INDIANAPOLIS – While Daniel Adongo's first days in America were spent trying to make the Colts' roster, Henoc Muamba, a native of the Congo, moved with his family to Canada while young and has spent the years since honing his football talents at linebacker.
Signed by Indianapolis in February after playing three seasons for Winnipeg, Muamba finds his transition going smoothly.
"I feel comfortable here. It's a great opportunity, I'm embracing it," said Muamba, a 2013 CFL All-Star with 171 career tackles and four sacks. "It's going to be a great challenge because of the change. It's not easy to play in the NFL, I understand that, but there's great veteran leadership in this locker room. The coaches are tremendous. I'm so glad I chose this team."
Ryan Grigson has landed players from the CFL before, notably linebackers Jerrell Freeman and Justin Hickman.
Adongo came from Kenya and rugby, while Grigson landed linebacker Josh McNary after military service and tight end Erik Swoope off a basketball court.
This is not a jobs or cultural program. It is a football team with Super sights, and Grigson beat other teams to the punch by landing Muamba. The 25-year old (6-0, 238 pounds) is looking for his role.
"It's (the NFL) very balanced in terms of running and passing here," said Muamba. "Jerrell and Justin told me the biggest difference has been at the line of scrimmage. Guys here in the NFL have been a lot stronger, faster, more athletic (on the) offensive and defensive line.
"It's something to get used to. I'll use my hands more to be able to shed blocks and read better in the backfield. That's one of the things I'm (doing)."
Muamba believes his background is one that is helping him mentally.
His parents were able to converse in African dialects before they moved the family to Montreal when Muamba was young. With French being common in the Congo, he is fluent more in that than the dialects.
After living in Montreal, the family moved to Toronto and then to a suburb, Mississauga. Muamba attended St. Francis Xavier in Antigonish, Nova Scotia, broadening his cultural base with a chance to keep playing.
From 2007-10, his 149.5 tackles set the school mark and he twice was the conference's defensive player of the year. Muamba (click here) was the first overall CFL draft pick in 2011.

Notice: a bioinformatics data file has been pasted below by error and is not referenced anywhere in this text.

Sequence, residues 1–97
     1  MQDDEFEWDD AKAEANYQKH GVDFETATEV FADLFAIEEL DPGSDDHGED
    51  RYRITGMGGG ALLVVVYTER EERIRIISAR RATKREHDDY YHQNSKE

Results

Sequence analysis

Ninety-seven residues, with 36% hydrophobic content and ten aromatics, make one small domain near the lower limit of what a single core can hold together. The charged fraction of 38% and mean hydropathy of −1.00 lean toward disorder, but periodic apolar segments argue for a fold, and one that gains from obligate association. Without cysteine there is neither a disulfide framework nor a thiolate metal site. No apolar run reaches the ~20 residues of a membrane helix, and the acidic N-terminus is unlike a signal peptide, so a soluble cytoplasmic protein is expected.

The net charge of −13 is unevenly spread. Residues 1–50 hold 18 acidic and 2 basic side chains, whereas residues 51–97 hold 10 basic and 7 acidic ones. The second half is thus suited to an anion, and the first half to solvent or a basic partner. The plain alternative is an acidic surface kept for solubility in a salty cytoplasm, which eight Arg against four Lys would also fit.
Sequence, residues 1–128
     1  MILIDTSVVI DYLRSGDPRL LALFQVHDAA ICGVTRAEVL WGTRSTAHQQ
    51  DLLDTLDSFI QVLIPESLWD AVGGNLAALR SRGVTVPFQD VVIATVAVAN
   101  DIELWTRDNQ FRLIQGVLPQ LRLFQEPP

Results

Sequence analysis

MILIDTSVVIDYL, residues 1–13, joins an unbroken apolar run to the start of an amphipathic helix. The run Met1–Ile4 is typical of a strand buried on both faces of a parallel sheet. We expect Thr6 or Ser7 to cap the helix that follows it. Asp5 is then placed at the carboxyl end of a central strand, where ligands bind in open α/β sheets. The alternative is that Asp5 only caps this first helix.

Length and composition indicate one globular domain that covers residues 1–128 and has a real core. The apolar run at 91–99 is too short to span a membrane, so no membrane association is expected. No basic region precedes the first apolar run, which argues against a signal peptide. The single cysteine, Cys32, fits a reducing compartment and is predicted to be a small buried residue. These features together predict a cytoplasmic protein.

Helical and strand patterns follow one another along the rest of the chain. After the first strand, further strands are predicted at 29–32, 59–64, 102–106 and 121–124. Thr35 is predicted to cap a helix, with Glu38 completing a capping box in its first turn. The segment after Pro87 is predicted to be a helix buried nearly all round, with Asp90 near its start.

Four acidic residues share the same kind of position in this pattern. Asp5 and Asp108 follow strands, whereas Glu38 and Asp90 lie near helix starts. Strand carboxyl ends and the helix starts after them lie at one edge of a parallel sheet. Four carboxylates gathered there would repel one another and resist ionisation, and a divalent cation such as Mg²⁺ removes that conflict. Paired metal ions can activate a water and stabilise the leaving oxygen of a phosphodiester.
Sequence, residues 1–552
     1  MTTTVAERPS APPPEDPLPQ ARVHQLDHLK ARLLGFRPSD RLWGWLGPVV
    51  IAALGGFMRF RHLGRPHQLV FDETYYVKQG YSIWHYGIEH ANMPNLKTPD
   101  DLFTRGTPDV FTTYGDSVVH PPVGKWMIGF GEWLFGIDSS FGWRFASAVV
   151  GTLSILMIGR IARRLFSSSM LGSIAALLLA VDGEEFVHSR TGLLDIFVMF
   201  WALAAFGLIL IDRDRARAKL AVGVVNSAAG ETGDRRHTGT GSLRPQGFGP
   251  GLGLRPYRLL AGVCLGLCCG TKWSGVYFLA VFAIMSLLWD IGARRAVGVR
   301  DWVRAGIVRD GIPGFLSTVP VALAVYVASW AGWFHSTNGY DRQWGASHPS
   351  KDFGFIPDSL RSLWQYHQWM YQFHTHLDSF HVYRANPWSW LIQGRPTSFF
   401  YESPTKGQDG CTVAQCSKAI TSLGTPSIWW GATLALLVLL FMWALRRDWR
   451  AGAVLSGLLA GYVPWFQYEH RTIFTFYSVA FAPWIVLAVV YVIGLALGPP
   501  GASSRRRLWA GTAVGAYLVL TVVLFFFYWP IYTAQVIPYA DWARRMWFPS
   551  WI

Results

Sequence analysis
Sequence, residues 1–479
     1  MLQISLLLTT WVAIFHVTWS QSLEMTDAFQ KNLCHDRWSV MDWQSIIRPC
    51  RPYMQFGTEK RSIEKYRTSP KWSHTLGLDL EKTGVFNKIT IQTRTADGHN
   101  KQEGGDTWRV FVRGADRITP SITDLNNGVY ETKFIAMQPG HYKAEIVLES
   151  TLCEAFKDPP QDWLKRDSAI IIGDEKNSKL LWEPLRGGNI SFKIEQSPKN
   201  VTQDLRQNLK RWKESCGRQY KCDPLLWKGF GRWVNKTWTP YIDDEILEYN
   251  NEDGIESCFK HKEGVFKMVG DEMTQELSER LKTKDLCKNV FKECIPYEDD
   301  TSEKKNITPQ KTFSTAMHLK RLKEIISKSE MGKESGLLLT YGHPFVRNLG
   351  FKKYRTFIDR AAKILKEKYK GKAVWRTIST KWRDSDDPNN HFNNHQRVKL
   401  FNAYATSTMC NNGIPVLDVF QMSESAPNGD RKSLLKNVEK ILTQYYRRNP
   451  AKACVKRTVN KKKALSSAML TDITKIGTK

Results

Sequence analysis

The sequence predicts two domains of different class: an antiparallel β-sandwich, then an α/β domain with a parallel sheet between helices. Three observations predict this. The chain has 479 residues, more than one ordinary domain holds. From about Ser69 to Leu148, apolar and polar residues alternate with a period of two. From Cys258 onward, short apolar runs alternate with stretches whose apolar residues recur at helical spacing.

As a CFL rookie, Muamba saw Freeman in full flourish with Saskatchewan and noted how the two-time Grey Cup participant conducted business.
"I remember vividly seeing him. The reason why I noticed him was because he was able to play special teams very well, be effective and play on defense at a very high level," said Muamba. "You notice someone like that.
"When he made the transition, it definitely inspired and motivated me to up my game – be that type of player who is able to impact two phases of the game."
When his time came, Muamba received a call directly from Grigson, a move other Colts have cited as meaningful when NFL teams approached.
"I got a call from Mr. Grigson, and I was overjoyed," said Muamba. "I had a bunch of other teams interested. I was preparing for workouts and went through a bunch before the decision was made.
"My heart was definitely in Indianapolis. It was the first call. (What) I really liked about the call that I got with the Colts was that it was the GM himself. No other team did that. It showed how he felt about me as a player and person."
Hickman and Freeman serve as reference tools in terms of a conversion table from the CFL to the NFL. It is a different sized field with other competition nuances. Muamba's intellect allows him to absorb schemes and instruction from coaches.
The roster now is 90 players. The aim is to make it at 53.
"There's a difference between the CFL and NFL. It's a slight adaptation that's doable," said Muamba. "I think it's easier going from the CFL to the NFL, compared to the guys I played with in the CFL who had to come from the NFL.
"Here, it's being alert to the little things – being precise on technique and aware of formations. That's what I'm trying to pick up and make habit so I don't have to think so much out there. At the of the day, it's football. Football is football. It's about learning the system. It's essential, or you can't excel."